SEED to GO Mapping using the SEED servers

The SEED contains most complete microbial and phage genomes, and includes an ontology built by annotators for annotators. The SEED systems contain the most complete microbial annotations anywhere.

The Gene Ontology project (GO) aims to unify annotations, but has long had a focus on eukaryotes and has repeatedly ignored prokaryotes. Tired of building tables mapping SEED functions to GO functions, this post will show you how to do so using the SEED servers, so that you may update the comparison any time you like.


Quick summary:

  1. Download and install the SEED servers:
  2. Download the latest version of Uniprot:
  3. Download the parser:
  4. Run the parser on the uniprot file: perl uniprot_sprot.dat.gz > uniprot_md5_go_prot.txt
  5. Download the code to map the parsed uniprot file to the SEED:
  6. Run the code to compare uniprot to SEED: perl -f uniprot_md5_go_prot.txt > uniprot_seed.txt
  7. Compare the results in uniprot_seed.txt




The SEED servers are a live API to access the SEED data, including all of the genomes in the SEED. There are several different servers, and an array of scripts and programs that you can use. If you have a mac, all you need to do is download the .dmg file, click the installer, and you have instant access to the SEED. Windows and Linnux installers are equally simple. You can download the installers from the SEED servers site. If you install the server codes you should be able to complete this demonstration with a few more lines of code.

The Gene Ontology group doesn’t appear to have a list of all their annotations in a useable form, so for the purposes of this demonstration, we’ll take the GO annotations from Swiss Prot and map them to the SEED.

To start, we need to get the Swiss Prot files. I use ncftpget to download the file, but you can browse their site and choose your own version.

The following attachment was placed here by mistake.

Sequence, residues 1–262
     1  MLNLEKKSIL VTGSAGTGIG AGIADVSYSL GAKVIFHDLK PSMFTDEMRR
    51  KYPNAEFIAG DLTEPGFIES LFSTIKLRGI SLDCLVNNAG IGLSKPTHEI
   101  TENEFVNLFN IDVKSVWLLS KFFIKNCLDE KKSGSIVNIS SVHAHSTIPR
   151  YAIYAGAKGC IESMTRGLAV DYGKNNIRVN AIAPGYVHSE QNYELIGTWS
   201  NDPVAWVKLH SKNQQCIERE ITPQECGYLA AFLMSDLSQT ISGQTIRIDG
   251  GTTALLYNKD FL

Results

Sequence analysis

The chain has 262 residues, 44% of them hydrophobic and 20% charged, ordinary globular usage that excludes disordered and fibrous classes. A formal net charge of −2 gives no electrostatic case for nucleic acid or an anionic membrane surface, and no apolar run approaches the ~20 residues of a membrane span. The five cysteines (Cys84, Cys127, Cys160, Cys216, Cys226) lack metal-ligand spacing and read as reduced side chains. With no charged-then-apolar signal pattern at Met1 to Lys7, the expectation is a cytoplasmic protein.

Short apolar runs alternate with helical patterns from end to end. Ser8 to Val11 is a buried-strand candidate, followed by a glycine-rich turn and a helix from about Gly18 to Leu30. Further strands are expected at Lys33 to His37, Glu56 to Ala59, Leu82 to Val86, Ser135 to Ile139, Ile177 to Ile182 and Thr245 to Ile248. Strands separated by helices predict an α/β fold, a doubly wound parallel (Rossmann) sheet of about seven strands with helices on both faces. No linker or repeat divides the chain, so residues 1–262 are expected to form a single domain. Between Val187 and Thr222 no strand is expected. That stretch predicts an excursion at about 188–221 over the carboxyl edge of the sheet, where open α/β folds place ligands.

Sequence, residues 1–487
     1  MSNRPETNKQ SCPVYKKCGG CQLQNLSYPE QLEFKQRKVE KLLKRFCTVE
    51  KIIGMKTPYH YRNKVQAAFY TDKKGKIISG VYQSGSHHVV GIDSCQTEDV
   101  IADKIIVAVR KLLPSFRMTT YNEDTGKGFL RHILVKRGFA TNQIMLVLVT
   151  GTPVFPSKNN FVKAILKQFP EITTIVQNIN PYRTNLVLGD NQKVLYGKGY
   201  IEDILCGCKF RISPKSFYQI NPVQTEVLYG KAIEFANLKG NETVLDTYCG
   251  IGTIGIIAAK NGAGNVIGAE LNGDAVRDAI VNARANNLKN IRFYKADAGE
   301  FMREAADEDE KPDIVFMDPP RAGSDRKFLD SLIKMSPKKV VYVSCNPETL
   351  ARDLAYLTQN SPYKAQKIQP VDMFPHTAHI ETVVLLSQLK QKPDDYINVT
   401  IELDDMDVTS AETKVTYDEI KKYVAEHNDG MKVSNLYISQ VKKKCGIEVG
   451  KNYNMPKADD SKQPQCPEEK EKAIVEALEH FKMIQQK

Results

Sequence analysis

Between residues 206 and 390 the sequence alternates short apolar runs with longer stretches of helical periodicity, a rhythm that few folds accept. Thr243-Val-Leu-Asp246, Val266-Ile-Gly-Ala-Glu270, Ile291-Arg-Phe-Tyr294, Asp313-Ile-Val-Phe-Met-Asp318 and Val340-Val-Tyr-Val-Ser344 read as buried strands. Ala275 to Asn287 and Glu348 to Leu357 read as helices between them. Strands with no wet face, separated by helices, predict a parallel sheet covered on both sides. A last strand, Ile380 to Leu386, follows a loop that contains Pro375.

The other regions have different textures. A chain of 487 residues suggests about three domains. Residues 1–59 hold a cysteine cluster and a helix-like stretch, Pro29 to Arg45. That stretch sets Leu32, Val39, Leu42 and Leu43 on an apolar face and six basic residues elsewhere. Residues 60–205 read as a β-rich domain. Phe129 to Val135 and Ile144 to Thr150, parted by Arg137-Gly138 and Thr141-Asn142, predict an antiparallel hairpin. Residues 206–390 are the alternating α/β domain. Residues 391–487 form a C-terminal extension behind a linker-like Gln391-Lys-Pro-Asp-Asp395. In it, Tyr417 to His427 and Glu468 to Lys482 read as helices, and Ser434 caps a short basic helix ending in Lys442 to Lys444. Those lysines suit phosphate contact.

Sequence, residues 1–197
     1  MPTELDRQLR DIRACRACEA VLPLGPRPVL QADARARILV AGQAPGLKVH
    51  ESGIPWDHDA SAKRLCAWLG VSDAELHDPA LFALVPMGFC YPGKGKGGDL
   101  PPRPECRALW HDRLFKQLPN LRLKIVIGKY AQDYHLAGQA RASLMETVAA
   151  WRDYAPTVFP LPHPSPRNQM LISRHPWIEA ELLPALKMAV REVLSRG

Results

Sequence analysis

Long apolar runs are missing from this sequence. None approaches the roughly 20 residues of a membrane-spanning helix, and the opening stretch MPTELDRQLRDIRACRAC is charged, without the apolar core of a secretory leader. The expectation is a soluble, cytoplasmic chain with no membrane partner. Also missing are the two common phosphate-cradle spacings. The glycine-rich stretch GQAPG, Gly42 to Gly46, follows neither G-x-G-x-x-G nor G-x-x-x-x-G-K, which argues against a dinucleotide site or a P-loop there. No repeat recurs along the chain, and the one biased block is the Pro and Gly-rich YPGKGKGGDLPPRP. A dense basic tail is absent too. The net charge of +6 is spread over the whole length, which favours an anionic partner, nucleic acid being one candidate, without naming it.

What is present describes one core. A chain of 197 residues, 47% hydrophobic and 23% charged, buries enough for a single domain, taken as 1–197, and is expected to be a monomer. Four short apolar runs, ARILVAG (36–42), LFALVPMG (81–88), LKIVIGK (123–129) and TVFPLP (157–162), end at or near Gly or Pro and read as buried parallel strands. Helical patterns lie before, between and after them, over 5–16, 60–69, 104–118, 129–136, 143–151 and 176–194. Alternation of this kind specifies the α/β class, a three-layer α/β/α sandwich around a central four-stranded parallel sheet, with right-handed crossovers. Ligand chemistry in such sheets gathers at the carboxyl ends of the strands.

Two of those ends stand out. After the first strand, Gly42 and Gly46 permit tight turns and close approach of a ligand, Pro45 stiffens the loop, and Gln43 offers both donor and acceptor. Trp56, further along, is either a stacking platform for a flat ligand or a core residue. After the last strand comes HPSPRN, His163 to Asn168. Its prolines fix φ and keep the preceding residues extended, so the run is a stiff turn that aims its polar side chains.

This will download the gzipped file that contains all of Swiss Prot data. We don’t really need it all, so I wrote a small script to parse out the pieces that I want, explicitly:

  1. The identifier
  2. An accession number
  3. The GO terms
  4. The MD5 sum (*)
  5. The translation

Note that the MD5 sum is not included in the Swiss Prot file.

Calculating the MD5 sum. The MD5 sum is a hash for any string. It is 32 characters long, and there is a simple way to compress any string of any length into the MD5 sum. We use the MD5 sum to map between sequences because it is extremely fast and because it compresses the sequences to 32 characters we can store lots of MD5 sums in memory and build fast look up tables in databases. The potential downside is that two proteins with different protein sequences could potentially have the same MD5 sum. We have not seen that happen yet. If you are interested, our rules are: (i) Upper case protein sequences; (ii) No identifiers, only the sequences; (iii) no new lines or returns; (iii) the stop codon is not included. With these rules you will always get the same MD5 for the same sequence, regardless of when you compute it.

In this example code I use the perl module Digest::MD5 to calculate the MD5 sum, and insert it into the output.

Run the parser and redirect the output using a command like this:

perl uniprot_sprot.dat.gz > uniprot_md5_go_prot.txt

This will make a table with the columns noted above.

Next, download this simple script that uses the SEED servers to get all proteins and functions that have the same MD5s as the Uniprot functions.

Run this script, and capture the output like this:

perl -f uniprot_md5_go_prot.txt > uniprot_seed.txt

You now have a text file (uniprot_seed.txt) that has the following columns:

  1. The identifier
  2. An accession number
  3. The GO terms
  4. The MD5 sum (*)
  5. The translation
  6. The FIG id
  7. The functional role of the protein
  8. The subsystem that this protein is in
  9. The first level classification of the subsystem
  10. The second level classification of the subsystem

Note that this is a one to many mapping on multiple levels — each protein is mapped to an MD5 sum which then maps to many identical proteins. Each of those proteins may be in a different subsystem, and so those are reported separately.

An example of the output that you will get is available for download [gzip compressed text file; 64M]